Kool-Aid and Brown Sugar

Kool-Aid and Brown Sugar

From Chicken Soup for the Single Parent's Soul

Kool-Aid and Brown Sugar

Joy has no cost.

Marianne Williamson

I have been a single mother for most of my adult life. There have been times when my children and I endured hunger and devastating poverty. With empty cupboards and barely a dollar to our name, we had to be creative.

On one particularly hot summer day, the kids were complaining that they were thirsty and they didn’t want water again. We were saving the last of our milk for the package of macaroni we had left in the cupboard. We had been drinking water and rationing what little milk we had left, but I wanted to give the kids a treat. It was only a day or two until our check would arrive, and I could buy more food. In the meantime, we had to make due. Managing to scrape together ninety cents, all in pennies, the kids and I walked to the grocery store to purchase a few packs of unsweetened Kool-Aid. We smiled eagerly at the young cashier as he rung up our purchase.

“Eighty-seven cents, please,” he requested, bemused at the site of my family, so excited about three little packages of Kool-Aid.

“We’re having a party,” my five-year-old informed the cashier as I handed him exactly eighty-seven pennies.

We headed home with our treat safely stored in my purse, my kids pulling on me to make me walk faster. Their excitement was contagious, and suddenly, I felt myself fantasizing about a tall glass of ice-cold Kool-Aid.

My son filled our favorite pitcher with tap water as I ripped open the Kool-Aid package. The kids gathered around me as I tipped the package over and let the contents spill into the water. The water turned blue, and the kids squealed.

“Could you get the sugar down from the shelf?” I asked my son cheerfully. “I’m sure we have one more cup.”

“Um, Mom, no sugar up here,” he replied.

“Are you sure?” I asked trying to remember when I could have used the last of it.

“Yes, I’m sure, Mom. All we have is brown sugar,” he answered.

Avoiding my son’s gaze, I turned away and swallowed my feeling of hopelessness.

Absorbing what my son had just said, a rather scary idea took root in my mind. “Give me the brown sugar.”

“What?” he asked, not quite following my train of thought.

“Please hand me the brown sugar,” I said again.

Looking at me as though I had gone completely mad, he reached up in the cupboard and handed me the box of brown sugar.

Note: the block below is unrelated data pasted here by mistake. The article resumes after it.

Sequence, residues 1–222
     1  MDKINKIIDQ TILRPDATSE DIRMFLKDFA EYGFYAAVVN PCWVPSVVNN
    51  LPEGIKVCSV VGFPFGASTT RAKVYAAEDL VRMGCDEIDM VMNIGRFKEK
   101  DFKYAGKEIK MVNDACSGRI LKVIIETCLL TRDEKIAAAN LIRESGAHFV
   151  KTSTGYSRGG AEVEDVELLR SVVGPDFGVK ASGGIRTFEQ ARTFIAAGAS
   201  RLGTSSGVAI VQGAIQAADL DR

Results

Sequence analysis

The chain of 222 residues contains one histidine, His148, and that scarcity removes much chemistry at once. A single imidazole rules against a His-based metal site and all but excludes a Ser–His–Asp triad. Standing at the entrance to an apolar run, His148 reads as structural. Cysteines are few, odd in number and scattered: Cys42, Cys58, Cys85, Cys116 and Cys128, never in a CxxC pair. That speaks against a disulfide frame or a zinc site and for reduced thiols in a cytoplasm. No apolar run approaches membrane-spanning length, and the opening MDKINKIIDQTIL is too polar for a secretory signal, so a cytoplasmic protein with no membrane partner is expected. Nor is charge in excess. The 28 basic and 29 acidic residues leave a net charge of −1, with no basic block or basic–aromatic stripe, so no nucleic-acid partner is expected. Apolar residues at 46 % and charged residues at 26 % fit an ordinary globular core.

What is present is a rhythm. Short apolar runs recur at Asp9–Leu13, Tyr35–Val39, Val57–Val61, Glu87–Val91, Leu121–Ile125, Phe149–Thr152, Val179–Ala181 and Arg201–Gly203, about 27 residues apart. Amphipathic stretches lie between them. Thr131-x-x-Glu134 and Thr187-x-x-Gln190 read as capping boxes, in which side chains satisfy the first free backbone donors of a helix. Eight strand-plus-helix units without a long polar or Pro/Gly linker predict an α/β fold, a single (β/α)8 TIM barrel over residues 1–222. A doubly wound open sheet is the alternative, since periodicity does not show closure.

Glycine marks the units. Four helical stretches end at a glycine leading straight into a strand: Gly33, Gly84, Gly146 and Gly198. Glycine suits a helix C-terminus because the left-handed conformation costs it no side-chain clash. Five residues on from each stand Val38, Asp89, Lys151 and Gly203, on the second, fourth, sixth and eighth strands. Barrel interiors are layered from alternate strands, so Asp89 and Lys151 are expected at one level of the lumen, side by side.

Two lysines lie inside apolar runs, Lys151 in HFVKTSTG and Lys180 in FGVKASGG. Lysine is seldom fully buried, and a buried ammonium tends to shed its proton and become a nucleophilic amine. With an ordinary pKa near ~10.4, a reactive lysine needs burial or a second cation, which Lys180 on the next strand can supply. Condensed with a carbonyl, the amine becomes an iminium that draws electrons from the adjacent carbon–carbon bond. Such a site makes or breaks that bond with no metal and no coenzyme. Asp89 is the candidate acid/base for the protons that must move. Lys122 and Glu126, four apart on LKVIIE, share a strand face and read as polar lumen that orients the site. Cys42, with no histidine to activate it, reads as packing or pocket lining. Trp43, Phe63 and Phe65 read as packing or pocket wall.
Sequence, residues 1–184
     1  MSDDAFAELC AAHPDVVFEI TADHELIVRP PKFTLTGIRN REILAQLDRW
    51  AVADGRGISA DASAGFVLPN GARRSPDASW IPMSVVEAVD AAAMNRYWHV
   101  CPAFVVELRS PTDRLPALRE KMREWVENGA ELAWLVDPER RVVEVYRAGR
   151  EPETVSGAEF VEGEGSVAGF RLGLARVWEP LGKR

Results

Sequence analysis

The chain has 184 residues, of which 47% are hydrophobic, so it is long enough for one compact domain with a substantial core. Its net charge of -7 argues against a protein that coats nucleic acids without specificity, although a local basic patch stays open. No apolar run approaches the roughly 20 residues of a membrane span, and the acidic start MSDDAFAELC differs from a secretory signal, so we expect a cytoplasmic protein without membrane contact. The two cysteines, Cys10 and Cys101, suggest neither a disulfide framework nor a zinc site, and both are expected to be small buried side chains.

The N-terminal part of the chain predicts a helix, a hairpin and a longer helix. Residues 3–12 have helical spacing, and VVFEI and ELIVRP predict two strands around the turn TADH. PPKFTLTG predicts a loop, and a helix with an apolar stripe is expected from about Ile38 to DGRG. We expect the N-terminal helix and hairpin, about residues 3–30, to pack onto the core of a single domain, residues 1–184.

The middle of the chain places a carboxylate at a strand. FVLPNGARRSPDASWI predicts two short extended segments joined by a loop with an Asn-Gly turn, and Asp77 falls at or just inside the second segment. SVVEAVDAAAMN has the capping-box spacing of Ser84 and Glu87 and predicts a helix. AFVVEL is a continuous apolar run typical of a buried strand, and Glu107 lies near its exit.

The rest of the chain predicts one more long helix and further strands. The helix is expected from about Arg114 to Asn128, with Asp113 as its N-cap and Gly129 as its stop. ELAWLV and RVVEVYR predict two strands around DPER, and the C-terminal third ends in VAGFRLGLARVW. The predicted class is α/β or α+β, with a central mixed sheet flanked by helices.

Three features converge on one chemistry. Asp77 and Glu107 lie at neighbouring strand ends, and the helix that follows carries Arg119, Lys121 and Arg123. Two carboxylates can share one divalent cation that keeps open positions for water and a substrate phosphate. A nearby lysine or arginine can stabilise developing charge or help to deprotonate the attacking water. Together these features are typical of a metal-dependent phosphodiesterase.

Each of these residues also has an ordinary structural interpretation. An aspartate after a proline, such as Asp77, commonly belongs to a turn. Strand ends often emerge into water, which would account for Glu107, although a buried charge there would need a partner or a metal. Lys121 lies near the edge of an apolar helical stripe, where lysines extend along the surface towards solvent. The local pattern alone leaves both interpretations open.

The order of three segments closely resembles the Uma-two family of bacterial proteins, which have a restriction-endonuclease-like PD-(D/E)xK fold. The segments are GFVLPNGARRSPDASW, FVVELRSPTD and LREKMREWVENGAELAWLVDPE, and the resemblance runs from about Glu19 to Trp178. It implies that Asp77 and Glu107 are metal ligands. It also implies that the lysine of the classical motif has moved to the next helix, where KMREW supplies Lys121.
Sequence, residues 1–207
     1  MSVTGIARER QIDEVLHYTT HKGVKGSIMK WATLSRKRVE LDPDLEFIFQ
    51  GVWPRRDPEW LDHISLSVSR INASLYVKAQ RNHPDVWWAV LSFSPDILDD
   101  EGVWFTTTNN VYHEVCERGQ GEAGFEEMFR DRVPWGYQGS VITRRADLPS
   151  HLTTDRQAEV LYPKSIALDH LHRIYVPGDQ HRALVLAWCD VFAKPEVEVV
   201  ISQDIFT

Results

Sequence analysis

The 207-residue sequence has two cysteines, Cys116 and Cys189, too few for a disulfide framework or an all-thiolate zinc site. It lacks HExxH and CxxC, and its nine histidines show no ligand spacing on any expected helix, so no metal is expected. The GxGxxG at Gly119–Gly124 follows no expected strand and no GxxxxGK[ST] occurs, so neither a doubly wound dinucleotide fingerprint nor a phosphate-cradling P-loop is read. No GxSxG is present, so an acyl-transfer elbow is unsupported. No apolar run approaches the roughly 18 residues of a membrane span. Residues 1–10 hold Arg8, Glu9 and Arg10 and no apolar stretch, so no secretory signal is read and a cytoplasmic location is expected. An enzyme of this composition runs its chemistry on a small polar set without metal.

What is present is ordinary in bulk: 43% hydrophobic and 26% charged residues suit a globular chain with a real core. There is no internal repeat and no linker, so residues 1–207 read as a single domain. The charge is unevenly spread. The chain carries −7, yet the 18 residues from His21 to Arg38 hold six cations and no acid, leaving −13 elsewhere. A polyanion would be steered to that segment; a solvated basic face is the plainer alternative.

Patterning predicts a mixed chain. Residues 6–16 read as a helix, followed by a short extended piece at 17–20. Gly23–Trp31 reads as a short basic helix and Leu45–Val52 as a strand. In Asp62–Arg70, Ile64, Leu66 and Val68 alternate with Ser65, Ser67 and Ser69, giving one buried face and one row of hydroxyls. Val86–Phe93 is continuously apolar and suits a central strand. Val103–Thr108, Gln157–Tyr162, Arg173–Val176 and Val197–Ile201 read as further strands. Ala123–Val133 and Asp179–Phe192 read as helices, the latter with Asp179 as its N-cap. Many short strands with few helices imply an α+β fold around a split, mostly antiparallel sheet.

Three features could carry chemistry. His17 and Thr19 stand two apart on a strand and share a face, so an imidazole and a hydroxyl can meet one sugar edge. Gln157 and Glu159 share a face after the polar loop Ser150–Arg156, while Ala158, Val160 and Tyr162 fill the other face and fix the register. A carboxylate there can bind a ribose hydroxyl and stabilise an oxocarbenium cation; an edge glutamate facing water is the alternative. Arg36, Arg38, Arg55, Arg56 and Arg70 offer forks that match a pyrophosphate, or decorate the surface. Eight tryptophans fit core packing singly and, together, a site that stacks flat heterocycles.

“You aren’t going to use the brown sugar in the Kool-Aid, are you?” my son asked incredulously.

“Sure, why not? Brown sugar is sugar, only it’s brown,” I told him quite confidently, forcing myself to believe my own lie.

“I can’t believe you are doing this!” my son protested vehemently.

“All right, here goes.”

I squished the brown sugar into the measuring cup, then let it drop into the now-blue pitcher of water. Blue water splashed up and over the sides as the block of brown sugar sank to the bottom of the pitcher. Whistling a tune, I stirred the new concoction with vigor. We all watched in horror as the Kool-Aid went from a beautiful blue to a putrid bluish-brown.

The look in my son’s eyes belied his previous faith in my intelligence.

“I’m sure it’ll taste fine, it just looks nasty,” I assured the children.

Smiling weakly, I brought the spoon up to my lips and tasted the ill-colored fluid. As my taste buds absorbed the illogical combination of unsweetened Kool-Aid powder and brown sugar, my face contorted involuntarily.

“Gross!” I exclaimed before I could stop myself.

My seven-year-old exclaimed, “Our Kool-Aid looks like poop!”

I started to correct my child on the inappropriate use of the word poop, when a chuckle erupted from my lips, and I started laughing. Suddenly, the kitchen was filled with the sounds of joy and laughter. We laughed until the tears flowed unchecked down our faces.

The children proclaimed it to be a tasty drink, and we made two more pitchers with the brown sugar: cherry (which was green) and another bluish-brown combination. We even froze some of the bizarre drink to make Kool-Aid Popsicles.

Today, as I look back on that day, it reminds me that, even in our lowest moments, we can always find joy.

Donna M. Snow

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